A perennial tweet by Jared Spool:
Users don't hate change.— Jared Spool (@jmspool) April 4, 2018
• Users hate when you take control from them.
• Users hate when your change shows no value for them.
• Users hate when they’ve invested in learning your design, only for you to disregard that investment.
Users don’t hate change.
It’s you, not them.
The default Mail application in iOS — perhaps one of the most popular apps in the world — is an unfortunate recent example. With the latest release of the app (in iOS 13,) Apple’s designers changed the options in the toolbar so that the Trash button is located where the Reply button has been in previous releases. Even though these buttons are different, app users have developed muscle memory over time; they’re used to tapping on that screen location to initiate a reply action without thinking about it. Only that now, instead of opening a draft reply, the message they’re working on disappears. The result? Frustrated users. John Gruber has a good overview of the issue and user reactions.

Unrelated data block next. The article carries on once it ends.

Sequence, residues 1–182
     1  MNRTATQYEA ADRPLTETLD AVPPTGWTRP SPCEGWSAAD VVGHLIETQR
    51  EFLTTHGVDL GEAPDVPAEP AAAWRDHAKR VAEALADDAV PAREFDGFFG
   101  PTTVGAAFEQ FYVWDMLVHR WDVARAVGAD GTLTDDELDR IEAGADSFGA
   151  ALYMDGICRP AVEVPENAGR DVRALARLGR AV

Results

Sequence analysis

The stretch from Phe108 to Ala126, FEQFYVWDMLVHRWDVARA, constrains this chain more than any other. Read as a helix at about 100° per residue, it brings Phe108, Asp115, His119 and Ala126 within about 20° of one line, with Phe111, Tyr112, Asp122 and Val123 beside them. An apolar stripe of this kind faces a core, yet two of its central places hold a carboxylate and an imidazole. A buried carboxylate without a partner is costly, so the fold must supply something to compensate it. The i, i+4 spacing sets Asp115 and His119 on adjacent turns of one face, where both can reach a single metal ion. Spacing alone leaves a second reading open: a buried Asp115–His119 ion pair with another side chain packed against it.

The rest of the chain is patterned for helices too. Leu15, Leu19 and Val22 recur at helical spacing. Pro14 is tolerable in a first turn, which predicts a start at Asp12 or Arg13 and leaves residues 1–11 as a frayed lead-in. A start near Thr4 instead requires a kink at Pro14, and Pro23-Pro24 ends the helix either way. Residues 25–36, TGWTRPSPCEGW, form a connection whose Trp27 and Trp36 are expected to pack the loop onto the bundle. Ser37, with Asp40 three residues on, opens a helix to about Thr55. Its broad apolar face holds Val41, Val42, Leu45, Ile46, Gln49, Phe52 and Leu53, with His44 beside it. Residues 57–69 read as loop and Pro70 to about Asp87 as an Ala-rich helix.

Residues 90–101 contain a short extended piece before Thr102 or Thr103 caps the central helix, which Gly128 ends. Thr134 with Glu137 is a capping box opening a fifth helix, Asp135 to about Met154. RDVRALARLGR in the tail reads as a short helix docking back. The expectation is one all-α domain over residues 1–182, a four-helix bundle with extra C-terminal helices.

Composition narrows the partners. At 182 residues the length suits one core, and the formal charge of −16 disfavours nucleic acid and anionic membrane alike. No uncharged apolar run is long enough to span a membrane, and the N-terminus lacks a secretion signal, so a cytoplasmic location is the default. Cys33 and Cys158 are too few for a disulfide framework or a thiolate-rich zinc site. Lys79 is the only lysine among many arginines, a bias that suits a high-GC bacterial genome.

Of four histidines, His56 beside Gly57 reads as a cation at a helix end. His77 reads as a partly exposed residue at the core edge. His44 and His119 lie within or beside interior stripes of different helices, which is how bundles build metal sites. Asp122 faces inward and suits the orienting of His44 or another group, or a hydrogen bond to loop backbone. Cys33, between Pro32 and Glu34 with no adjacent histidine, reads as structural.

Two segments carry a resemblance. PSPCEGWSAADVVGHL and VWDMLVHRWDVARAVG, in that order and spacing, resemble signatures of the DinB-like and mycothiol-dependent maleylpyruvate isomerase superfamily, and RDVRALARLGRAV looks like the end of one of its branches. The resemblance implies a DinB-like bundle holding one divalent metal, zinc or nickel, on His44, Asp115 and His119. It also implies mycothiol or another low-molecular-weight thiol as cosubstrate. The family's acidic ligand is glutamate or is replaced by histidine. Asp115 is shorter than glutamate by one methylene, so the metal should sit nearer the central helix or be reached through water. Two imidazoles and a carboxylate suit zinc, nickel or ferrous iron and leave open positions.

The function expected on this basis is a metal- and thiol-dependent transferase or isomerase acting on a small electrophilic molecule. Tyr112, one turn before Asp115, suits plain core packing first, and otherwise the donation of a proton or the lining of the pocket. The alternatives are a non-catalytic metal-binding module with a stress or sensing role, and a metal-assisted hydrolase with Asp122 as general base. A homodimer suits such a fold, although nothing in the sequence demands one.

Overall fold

Few changes are as impactful as those you make to your system’s navigation elements. Toolbars and navigation bars are how users move around and do things in your app or website. Over time, people get used to where options are; changing their placement — even if done for good reasons — can lead to frustration. If you must change long-established navigation elements, test new versions extensively with users of varying degrees of experience. And if you don’t have good reasons to change your navigation elements, consider focusing on other aspects of your system instead.
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